Only one randomized controlled trial with 53 participants was included. This study was conducted in a single-center inpatient rehabilitation setting in Australia. Participants were exposed to activities within the enriched environment in 10- minute blocks over two-hour sessions on weekdays only. Three assessments were done on admission, at discharge and at three months post-discharge.

Based on this single study, the review concludes that:

  • Psychological well-being and coping: There were very low-quality evidence that at the time of discharge from hospital the Depression Anxiety and Stress Scale and multidimensional Health Locus of Control scores were significantly better in the environmental enrichment group as compared to the control group with the MD (95% CI) for DASS total was –24.1 (–40.1 to –7.2) and MD (95% CI) of 3.7 (0.5 to 7.1) respectively. No such difference was detected on the Rosenberg Self-esteem Scale score with MD (95% CI) 2.1 (–0.4 to 4.6). The effects were not sustained at 3- month follow up.

  • Quality of life was assessed using Euro-Quality of life score. There was no significant difference between the two groups at the time of discharge (CI: –1.4 to 14.7). The quality of evidence was very low. There was very low quality evidence that there was no significant difference in the communication and cognitive functional improvement between the two groups as assessed by Montreal Cognitive Assessment score with MD (95% CI) 2.1(CI: –0.7 to 4.9) and Functional Independent Measure (FIM) cognition subscale score with MD (95% CI) 1.2 (CI: –1.6 to 4.1).

  • There was very low-quality evidence that physical functional improvement as assessed through FIM motor total score was significantly better in the environmental enrichment group with MD (95% CI) of 6.7(CI: 0.2 to 13.1). The effect was not sustained at 3- month follow.

Adverse events were not reported suggesting that the intervention was safe.

Conclusions: The authors concluded that insufficient results from a single randomized controlled trial should not be interpreted as proof of ineffectiveness of environmental enrichment.. Further large scale adequately designed and powered trials should be conducted to evaluate the effectiveness and safety of environmental enrichment in stroke and other traumatic brain injury patients.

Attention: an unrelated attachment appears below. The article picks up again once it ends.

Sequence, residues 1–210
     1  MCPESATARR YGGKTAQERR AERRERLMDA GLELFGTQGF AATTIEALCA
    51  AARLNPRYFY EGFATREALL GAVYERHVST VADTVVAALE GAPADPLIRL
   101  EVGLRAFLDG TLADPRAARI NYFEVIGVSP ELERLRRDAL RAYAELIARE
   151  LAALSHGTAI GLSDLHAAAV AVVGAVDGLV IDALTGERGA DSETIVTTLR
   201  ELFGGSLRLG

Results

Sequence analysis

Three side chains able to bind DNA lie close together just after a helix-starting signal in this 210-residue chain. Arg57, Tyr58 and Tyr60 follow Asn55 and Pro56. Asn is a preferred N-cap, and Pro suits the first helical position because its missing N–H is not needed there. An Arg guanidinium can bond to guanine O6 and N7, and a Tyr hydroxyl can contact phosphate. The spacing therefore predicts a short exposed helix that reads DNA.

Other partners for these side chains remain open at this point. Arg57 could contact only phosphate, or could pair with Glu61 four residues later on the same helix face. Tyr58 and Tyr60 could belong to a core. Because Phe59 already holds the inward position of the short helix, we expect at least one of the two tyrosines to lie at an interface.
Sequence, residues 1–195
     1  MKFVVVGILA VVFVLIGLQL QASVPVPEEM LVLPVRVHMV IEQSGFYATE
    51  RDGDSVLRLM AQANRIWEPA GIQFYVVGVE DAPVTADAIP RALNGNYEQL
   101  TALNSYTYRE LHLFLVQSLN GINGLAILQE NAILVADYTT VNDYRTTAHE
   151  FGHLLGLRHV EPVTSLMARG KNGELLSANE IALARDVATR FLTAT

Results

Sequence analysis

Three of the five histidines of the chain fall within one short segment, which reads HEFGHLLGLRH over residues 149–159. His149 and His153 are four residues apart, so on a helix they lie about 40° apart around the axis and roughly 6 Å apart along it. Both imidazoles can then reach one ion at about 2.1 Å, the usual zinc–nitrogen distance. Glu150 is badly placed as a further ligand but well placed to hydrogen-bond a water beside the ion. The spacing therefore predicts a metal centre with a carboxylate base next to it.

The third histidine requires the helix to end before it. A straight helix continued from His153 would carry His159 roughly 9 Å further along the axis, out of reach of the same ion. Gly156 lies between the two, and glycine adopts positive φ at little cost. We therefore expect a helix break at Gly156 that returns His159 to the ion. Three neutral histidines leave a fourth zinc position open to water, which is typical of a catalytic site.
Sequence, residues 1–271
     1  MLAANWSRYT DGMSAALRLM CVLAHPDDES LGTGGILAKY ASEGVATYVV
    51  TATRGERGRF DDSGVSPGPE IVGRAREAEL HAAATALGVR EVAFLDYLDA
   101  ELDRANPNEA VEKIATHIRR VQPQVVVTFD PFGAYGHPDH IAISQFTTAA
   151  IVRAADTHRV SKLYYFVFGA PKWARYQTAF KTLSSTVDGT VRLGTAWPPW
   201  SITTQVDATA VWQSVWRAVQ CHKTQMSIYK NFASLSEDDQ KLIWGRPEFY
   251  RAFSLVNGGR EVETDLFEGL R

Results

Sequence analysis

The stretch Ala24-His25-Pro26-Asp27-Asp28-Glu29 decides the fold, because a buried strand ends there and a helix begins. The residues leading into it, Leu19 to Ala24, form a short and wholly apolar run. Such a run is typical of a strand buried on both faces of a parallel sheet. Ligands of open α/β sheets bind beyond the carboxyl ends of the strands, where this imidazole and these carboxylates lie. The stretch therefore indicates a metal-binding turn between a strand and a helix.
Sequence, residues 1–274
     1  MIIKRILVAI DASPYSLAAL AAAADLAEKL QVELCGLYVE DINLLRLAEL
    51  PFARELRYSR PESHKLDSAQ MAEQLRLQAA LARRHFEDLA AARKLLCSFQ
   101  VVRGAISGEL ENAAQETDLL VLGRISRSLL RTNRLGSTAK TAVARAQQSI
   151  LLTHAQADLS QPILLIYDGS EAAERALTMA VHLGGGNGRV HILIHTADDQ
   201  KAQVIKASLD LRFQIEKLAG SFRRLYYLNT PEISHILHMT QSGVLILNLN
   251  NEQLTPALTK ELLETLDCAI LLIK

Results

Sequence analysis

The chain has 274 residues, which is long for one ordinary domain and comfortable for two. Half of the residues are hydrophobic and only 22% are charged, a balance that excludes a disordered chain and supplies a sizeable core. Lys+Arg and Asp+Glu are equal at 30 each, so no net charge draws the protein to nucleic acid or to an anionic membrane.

5Implications for practice in neurorehabilitation

Due to improvements in the emergency and neurology services around the globe, more patients are surviving with long term neurological impairments which can be addressed by providing rehabilitation services. Although this review discusses role of environmental enrichment during in-patient stay, there is a need to enhance neuroplasticity once the patient has been discharged from the inpatient rehabilitation. Manypatients following a stroke spent a large proportion of the day in their bedroom in isolation and being inactive.Enviromental enrichemnt is a promising adjunct to the traditional rehabiltiation services which can potentially enhance the recovery process in patients with various forms of traumatic and non-traumatic brain injuries. Some options for environmental enrichment are not resource intensive and are readily available in most parts of the globe including the developing countries. They do not require a specialized medical setup or supervision of a trained rehabilitation professional and no side effects have been reported. However, some interventions are technology dependent. It is important that future research considers the cost and resource implications, and specifically explores the evidence for interventions that are readily available in developing countries.There is a need to conduct well designed large scale clinical trials on the role of environmental enrichment in a variety of settings and using different options.

Conflict of interest

The authors declare no conflicts of interest.


a This summary is based on a Cochrane Review previously published in the Cochrane Database of Systematic Reviews 2021, Issue 11, Art. No.: CD011879. DOI: 10.1002/14651858.CD011879.pub2 (See for information). Cochrane Reviews are regularly updated as new evidence emerges and in response to feedback, and Cochrane Database of Systematic Reviews should be consulted for the most recent version of the review.

The views expressed in the summary with commentary are those of the Cochrane Corner authors (different than the original Cochrane Review authors) and do not represent the Cochrane Library or Wiley.


The authors thank Prof. Francesca Cecchi of Università di Firenze, Cochrane Rehabilitation and Cochrane Stroke Group for reviewing the contents of the Cochrane Corner.



Berges, I.-M , et al. (2012). The role of positive affect on social participation following stroke. Disability and Rehabilitation, 34(25), 2119–2123.


Dye, C , et al. (2015). Research for universal health coverage: World health report 2013.


Nithianantharajah, J , et al. (2006). Enriched environments, experience-dependent plasticity and disorders of the nervous system. Nature Reviews Neuroscience, 7(9), 697–709.


Qin, H , et al. (2021). Environmental enrichment for stroke and other non-progressive brain injury. Cochrane Database of Systematic Reviews (11).